(The Center Square) – Redrawing congressional and state legislative maps will be the order of business for Georgia lawmakers when they return to a special session Nov. 29.
It’s necessary because U.S. District Judge Steve C. Jones ruled they violated the Voting Rights Act of 1965. Gov. Brian Kemp set the date to convene; Jones set a Dec. 8 deadline for the new maps to be done.
“Redistricting is a critical process that shapes the future of our democracy, ensuring fair and equal representation for all Georgia citizens,” state Rep. Carl Gilliard, D-Savannah, chairman of the Georgia Legislative Black Caucus, said in a statement. “It is essential that this process is conducted impartially, transparently and in a way that safeguards the rights of all communities. We believe that every vote and voice must be protected, and it is our duty to ensure the redistricting process is carried with upmost fairness and integrity.”
Republicans framed the decision as a ruling handed down by a left-leaning judge.
“Whether the Left’s machine is working to put conservatives in jail or toss out legitimate electoral maps, lawfare is their new campaign strategy,” Greater Georgia Chairwoman Kelly Loeffler said in a statement.
The former U.S. senator, a Republican, said the ruling by the justice appointed by former President Barack Obama “is a disappointing but unsurprising victory for liberal activists attempting to interfere in next year’s elections.”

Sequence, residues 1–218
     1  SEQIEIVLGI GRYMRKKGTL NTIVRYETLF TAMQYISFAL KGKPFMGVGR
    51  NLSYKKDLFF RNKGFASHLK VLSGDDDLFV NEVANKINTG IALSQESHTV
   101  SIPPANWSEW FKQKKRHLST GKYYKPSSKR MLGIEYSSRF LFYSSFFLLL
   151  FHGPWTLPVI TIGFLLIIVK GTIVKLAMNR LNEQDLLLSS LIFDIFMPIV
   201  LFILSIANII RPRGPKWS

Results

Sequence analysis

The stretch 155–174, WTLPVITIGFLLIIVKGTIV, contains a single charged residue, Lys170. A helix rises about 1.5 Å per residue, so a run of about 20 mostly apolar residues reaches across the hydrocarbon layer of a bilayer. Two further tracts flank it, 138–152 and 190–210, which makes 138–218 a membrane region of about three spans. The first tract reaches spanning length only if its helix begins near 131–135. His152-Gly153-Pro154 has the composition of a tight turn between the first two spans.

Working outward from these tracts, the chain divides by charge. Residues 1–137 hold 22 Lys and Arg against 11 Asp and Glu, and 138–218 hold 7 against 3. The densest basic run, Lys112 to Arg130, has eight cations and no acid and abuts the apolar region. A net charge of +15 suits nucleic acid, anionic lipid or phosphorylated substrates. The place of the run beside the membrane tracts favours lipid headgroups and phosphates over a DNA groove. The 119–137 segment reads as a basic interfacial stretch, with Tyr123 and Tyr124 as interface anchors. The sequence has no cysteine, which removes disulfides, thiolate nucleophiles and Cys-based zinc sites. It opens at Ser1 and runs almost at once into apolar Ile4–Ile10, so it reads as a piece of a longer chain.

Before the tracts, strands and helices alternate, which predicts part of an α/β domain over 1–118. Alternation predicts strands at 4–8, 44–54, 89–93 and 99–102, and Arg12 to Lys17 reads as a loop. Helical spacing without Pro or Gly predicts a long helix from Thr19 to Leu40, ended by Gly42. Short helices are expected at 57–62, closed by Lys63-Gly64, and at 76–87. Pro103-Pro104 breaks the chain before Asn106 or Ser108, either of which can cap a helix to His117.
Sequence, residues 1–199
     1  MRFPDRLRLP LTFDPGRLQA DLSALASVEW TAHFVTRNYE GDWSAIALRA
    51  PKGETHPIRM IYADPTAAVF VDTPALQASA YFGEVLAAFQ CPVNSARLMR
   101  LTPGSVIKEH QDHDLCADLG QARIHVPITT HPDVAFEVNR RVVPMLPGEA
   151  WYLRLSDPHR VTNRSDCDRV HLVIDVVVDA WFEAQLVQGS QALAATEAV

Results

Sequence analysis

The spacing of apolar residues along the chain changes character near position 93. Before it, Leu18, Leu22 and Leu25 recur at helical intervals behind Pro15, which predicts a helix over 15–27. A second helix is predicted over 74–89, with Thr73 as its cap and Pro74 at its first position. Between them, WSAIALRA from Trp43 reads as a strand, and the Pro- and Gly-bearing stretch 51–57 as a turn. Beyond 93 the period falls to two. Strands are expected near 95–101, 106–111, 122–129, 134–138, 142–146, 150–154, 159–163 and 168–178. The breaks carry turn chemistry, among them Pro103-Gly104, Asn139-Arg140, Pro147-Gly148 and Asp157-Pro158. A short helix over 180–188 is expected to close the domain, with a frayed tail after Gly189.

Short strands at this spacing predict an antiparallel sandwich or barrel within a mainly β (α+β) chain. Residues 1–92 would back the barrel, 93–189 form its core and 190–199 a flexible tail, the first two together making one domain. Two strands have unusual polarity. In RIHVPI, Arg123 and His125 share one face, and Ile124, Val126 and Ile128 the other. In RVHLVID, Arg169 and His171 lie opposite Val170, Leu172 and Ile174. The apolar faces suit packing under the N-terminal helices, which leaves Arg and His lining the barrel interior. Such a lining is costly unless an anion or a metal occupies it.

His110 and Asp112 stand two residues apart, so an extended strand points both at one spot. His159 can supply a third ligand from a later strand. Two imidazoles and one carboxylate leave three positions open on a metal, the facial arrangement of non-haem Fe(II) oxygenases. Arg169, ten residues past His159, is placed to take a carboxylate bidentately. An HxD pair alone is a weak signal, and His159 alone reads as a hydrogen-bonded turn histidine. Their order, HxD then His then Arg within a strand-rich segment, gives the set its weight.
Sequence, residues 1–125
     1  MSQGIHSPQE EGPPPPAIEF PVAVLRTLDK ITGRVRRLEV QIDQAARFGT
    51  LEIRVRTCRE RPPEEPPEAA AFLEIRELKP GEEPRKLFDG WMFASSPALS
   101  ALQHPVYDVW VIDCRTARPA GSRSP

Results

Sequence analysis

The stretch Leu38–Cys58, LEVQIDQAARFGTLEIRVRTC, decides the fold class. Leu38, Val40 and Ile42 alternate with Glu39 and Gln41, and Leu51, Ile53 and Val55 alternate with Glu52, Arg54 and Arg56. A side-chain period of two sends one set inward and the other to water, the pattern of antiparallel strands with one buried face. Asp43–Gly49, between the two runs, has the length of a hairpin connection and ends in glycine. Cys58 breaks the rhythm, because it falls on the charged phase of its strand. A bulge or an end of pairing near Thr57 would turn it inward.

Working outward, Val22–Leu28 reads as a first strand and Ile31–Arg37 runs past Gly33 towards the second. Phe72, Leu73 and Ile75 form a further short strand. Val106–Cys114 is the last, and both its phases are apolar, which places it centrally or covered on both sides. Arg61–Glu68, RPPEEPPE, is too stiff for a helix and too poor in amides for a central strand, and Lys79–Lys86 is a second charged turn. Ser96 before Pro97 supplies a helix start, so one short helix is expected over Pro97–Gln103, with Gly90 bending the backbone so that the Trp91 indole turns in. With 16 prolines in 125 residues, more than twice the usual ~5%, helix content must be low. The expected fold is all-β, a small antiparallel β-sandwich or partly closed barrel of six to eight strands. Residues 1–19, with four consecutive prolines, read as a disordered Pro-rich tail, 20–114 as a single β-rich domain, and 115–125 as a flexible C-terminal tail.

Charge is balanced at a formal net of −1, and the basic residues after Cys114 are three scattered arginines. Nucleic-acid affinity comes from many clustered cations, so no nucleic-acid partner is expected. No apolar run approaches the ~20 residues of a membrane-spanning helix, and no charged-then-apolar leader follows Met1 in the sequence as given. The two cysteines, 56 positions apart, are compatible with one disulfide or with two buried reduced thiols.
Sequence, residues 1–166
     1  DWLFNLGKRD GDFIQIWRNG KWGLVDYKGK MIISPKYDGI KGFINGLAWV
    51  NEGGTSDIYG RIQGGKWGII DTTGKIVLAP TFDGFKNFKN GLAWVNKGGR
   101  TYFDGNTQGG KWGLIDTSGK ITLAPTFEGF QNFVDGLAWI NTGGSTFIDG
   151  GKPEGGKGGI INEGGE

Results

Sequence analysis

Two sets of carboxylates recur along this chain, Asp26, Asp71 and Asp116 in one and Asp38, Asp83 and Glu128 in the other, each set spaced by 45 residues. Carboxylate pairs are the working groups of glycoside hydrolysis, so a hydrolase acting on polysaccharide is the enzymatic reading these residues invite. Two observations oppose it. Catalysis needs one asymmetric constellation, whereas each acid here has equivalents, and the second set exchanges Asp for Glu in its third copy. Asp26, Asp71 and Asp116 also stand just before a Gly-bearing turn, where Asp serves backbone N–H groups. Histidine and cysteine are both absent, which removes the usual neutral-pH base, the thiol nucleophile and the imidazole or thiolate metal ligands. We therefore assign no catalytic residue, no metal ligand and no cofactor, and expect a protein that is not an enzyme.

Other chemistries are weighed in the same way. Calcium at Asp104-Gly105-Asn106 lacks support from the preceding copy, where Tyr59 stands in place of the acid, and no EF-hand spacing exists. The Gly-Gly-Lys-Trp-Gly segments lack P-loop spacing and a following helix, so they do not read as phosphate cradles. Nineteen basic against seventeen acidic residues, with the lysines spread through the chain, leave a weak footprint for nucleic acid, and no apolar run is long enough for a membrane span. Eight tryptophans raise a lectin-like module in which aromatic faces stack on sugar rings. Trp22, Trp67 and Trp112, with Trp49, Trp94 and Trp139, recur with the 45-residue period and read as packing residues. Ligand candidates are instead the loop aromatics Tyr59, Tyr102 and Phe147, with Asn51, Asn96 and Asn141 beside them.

In his ruling, Jones indicated the remedy includes an additional majority-Black congressional district, two additional majority-Black state Senate districts and five additional majority-Black state House districts.
A spokeswoman for Attorney General Chris Carr told The Center Square the office is reviewing the order.
While in session, the state Senate will also confirm appointments Kemp, a Republican, made since lawmakers adjourned on March 30. Lawmakers will ratify a pair of executive orders Kemp issued suspending the gas tax.
Kemp cited a Georgia statute giving the governor the authority to suspend the collection of state motor fuel taxes during a declared state of emergency, “subject to ratification by the General Assembly at its next meeting.” A spokesman for Kemp previously told The Center Square no General Assembly members “have indicated any opposition to once again ratify the suspension once they return to session.”